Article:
Isolated and Proximate Illiteracy And Why these Concepts Matter in Measuring Literacy and Designing Education Programmes
Traditionally, a society's literacy has been measured by the 'literacy rate' or the percent of the adult population that is literate. The present paper maintains that the distribution on literates across households also matters, due to the external effects of literacy - the benefits that illiterate members of a household derive from having a literate person in the family. The authors review this argument, draw out its policy implications and present some suggestive data from Bangladesh to lend substance to the hypothesis that an illiterate belonging to a household with no literates in more deprived than an illiterate belonging to a household with at least one literate member.
|Date of creation:||Jan 2000|
|Date of revision:|
|Contact details of provider:|| Web page: http://www.vanderbilt.edu/econ/wparchive/index.html|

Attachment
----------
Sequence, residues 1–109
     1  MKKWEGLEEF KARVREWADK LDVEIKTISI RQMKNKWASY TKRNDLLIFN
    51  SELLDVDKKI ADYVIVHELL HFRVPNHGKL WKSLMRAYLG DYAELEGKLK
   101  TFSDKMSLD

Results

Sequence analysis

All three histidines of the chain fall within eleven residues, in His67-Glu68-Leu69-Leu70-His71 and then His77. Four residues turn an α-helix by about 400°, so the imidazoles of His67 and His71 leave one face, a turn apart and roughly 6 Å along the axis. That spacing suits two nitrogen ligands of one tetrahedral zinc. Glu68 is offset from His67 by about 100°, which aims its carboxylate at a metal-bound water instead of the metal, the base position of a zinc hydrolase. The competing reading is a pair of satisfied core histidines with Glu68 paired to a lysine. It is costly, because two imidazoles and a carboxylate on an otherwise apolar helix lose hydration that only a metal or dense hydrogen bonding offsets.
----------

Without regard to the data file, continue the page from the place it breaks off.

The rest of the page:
Please report citation or reference errors to , or , if you are the registered author of the cited work, log in to your RePEc Author Service profile, click on "citations" and make appropriate adjustments.:
- Basu, Kaushik & Foster, James E, 1998.
"On Measuring Literacy,"
Royal Economic Society, vol. 108(451), pages 1733-49, November.
- Gibson, John, 2001. "Literacy and Intrahousehold Externalities," World Development, Elsevier, vol. 29(1), pages 155-166, January.
- Basu, Kaushik & Narayan, Ambar & Ravallion, Martin, 1999. "Is knowledge shared within households?," Policy Research Working Paper Series 2261, The World Bank.
When requesting a correction, please mention this item's handle: RePEc:van:wpaper:0002. See general information about how to correct material in RePEc.
For technical questions regarding this item, or to correct its authors, title, abstract, bibliographic or download information, contact: (John P. Conley)
If references are entirely missing, you can add them using this form.